Candid photography is an excellent approach to obtain intimate, honest images – the kind of shots that tell actual tales about their subjects.
But how do you take stunning candid photos? How do you take candid images that you’re proud of?
In this article, I’ll give you 11 strategies for taking your candid shots to the next level. It is important to note that these suggestions are not for taking snoopy, voyeuristic, or real paparazzi photographs. Instead, they’ll assist you in adding a real, candid feel to photos of loved ones, portrait subjects, images at events, and other subjects.
Let’s get this party started.
1. Take your camera everywhere
You want to take impromptu images, what is the best approach to do it? Always keep a camera on hand! That way, when the opportunity arises, you can swiftly turn on the camera, snap a few images, and (assuming all goes well!) get a beautiful outcome.
When I’m on set, I’ll use my DSLR, but when I’m not, I’ll use a point-and-shoot camera. If I notice a good opportunity, I’ll pull it out and photograph it. Of course, you don’t have to go out and buy an expensive second body; smartphone cameras are already quite high quality and more than suitable for most candid photography.
Taking a camera with you everywhere also helps people become more comfortable with you photographing them. My friends and family simply expect me to have my camera out, so when I do, it’s not a signal to pose, but rather a natural aspect of our conversation. When I do take a photo or two, the subjects are comfortable, and the photos appear natural.
2. Use a long focal length
To capture candid photographs without being observed, such as a 135mm prime, an 18-200mm zoom, or a 70-200mm zoom. As you may have predicted, the further you are from your subject, the less likely they will be aware that you are photographing them, and the more natural and comfortable they will appear.
However, depending on the situation, a long lens can be rather obvious, and it may even make people feel uneasy (as if they are being watched). So choose your lens carefully, and if you’re worried about people’s reactions, go with your most compact zoom.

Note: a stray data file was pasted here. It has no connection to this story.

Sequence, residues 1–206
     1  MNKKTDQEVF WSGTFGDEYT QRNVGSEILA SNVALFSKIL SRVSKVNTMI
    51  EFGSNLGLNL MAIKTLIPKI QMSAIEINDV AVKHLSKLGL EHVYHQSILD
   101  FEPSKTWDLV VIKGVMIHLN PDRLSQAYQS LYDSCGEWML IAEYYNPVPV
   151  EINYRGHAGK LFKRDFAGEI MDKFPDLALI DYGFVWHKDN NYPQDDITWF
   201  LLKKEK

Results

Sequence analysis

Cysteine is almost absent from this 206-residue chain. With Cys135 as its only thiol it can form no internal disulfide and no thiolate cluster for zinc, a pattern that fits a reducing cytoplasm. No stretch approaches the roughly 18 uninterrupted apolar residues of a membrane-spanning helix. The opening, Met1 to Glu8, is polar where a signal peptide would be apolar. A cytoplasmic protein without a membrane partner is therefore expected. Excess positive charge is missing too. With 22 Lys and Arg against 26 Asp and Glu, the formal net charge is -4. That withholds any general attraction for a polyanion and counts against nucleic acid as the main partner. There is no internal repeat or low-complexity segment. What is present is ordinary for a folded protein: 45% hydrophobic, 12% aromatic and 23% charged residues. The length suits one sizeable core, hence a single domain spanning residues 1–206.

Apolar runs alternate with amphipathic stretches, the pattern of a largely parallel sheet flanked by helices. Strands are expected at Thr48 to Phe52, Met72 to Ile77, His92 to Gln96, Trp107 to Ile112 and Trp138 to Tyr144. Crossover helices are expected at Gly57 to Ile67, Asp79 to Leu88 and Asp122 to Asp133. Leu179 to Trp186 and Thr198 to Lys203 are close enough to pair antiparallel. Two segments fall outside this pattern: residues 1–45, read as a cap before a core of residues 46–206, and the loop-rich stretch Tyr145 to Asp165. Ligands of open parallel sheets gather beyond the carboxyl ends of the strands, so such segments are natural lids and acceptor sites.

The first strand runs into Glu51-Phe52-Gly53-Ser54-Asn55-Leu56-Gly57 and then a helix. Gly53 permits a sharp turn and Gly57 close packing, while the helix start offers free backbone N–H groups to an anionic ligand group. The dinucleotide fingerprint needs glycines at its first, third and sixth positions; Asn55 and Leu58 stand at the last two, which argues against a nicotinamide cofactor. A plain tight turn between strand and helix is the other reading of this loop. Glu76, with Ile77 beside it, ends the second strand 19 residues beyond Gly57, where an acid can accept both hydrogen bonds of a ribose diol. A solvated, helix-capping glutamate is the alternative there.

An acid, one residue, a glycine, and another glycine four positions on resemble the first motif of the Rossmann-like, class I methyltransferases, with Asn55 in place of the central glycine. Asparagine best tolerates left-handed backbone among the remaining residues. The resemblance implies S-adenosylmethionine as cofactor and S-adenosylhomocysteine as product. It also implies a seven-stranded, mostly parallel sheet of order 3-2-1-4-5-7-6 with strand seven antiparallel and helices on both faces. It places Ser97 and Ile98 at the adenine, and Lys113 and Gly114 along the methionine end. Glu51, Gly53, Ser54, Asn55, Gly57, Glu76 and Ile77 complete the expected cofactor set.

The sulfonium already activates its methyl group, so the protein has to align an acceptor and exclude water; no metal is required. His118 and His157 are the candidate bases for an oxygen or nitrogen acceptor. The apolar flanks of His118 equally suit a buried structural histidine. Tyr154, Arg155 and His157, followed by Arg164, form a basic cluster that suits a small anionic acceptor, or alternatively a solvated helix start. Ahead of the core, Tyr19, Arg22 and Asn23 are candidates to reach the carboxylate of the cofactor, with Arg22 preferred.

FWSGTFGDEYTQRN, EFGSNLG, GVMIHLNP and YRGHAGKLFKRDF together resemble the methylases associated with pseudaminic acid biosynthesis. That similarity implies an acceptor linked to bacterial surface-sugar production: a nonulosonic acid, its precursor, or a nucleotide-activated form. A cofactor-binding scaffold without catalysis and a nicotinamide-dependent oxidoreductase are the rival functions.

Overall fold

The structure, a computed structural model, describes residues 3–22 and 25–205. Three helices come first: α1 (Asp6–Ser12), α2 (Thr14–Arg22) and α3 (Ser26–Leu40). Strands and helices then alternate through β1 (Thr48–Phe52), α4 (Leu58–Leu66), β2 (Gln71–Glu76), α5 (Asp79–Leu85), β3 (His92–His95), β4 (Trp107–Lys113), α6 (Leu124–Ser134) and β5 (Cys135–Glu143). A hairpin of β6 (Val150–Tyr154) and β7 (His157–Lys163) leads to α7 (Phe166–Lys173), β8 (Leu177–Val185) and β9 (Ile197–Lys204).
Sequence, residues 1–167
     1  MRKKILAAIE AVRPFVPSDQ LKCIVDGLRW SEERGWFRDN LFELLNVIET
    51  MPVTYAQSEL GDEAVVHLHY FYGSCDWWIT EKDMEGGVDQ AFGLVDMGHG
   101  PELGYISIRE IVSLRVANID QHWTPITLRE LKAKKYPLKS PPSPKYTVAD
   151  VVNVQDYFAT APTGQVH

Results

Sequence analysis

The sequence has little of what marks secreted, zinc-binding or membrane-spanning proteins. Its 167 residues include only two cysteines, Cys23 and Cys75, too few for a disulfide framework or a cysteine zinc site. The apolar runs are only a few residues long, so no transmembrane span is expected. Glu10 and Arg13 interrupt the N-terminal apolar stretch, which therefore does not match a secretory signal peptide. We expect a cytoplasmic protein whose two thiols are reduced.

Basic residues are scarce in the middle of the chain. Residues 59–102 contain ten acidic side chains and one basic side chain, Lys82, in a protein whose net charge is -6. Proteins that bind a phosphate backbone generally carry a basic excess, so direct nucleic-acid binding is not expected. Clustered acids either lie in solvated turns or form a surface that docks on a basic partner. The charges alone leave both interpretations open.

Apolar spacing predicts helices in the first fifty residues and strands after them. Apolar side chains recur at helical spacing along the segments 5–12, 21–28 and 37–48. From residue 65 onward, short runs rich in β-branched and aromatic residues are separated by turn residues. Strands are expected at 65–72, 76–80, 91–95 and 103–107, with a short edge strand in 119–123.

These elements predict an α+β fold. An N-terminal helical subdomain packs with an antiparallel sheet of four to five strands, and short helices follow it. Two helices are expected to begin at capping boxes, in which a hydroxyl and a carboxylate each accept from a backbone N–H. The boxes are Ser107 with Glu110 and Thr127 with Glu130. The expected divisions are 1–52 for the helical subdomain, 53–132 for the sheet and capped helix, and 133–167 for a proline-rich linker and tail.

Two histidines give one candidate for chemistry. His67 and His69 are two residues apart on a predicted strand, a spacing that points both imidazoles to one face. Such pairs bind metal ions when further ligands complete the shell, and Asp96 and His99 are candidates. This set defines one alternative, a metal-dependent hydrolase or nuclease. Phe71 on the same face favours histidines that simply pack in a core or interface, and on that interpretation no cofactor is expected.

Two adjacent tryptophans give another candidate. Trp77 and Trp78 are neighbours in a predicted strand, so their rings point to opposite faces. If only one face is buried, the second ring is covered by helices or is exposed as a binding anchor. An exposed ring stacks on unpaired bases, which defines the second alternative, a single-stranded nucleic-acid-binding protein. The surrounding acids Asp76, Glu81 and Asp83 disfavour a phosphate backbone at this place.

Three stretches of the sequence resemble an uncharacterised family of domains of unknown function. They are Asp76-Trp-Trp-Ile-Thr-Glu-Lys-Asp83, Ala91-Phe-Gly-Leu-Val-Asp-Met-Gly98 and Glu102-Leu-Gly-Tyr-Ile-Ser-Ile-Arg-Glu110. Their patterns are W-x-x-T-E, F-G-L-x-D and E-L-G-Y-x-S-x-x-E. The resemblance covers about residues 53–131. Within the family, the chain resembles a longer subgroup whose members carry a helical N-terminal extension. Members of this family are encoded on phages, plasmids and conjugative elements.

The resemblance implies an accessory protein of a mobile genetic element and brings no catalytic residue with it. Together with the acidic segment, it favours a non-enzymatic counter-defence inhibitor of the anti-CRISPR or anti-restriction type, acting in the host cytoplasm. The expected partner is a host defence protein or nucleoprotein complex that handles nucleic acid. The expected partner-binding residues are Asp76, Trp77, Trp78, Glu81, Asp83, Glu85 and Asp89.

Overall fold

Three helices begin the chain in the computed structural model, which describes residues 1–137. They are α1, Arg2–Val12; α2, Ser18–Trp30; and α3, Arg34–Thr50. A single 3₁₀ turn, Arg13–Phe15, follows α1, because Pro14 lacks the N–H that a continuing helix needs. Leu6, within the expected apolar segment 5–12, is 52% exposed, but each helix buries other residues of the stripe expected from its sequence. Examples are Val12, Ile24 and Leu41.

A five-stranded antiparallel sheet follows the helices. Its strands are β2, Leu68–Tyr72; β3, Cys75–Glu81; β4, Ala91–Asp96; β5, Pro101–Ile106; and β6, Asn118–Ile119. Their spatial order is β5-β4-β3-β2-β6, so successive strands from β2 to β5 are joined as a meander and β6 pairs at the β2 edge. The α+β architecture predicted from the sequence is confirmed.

You may acquire candid images from outside people’s personal space this way, go unnoticed, and keep a sense of closeness in your compositions.
3. Kill the flash
Isn’t that the most obvious method to tell someone you’re photographing them? Using a flash (particularly the one on the top of your camera!). After all, nothing beats a brilliant flash of light to grab people’s attention and kill a moment.
So, if at all feasible, turn off your flash for candid photographs. Instead of utilizing the flash when photographing in low light, try increasing your ISO, opening up your aperture, or decreasing your shutter speed.
You’ll get a brighter exposure and avoid making your target feel uneasy.
4. Take a lot of pictures
Back in the days of film, it was critical to saving your photos. However, if you use a digital camera (which I’m sure you do! ), there’s no need to hold back; instead, be aggressive in your shooting. Don’t be scared to snap multiple shots of the same topic.
In fact, I’ve discovered that by shooting a burst of photographs of a person, I may sometimes obtain some unexpected and spontaneous shots that I wouldn’t have captured otherwise.
So, set your camera to continuous shooting mode (also known as burst mode) and fire off numerous images at once. You’ll have a much better chance of getting an unexpectedly excellent candid shot.
5. Position yourself strategically
While candid photography is all about catching the spontaneity of a moment and getting the right shot in that split second of time, you can boost your chances of success if you think ahead and predict what is going to happen.
So, if you’re attending a wedding, arrive early (or even attend the rehearsal) and plan out what will happen during the ceremony. Where should you position yourself to catch each moment? Which direction will people turn? What are they going to do? What will the lighting look like?
You won’t waste time going around and adjusting yourself if you ask these questions ahead of time. And you’ll be in the ideal position to capture candid moments when they happen.
6. Photograph people doing things
Personally, I find photographs of people doing things to be far more intriguing than images of people doing nothing. They also tend to have more natural compositions.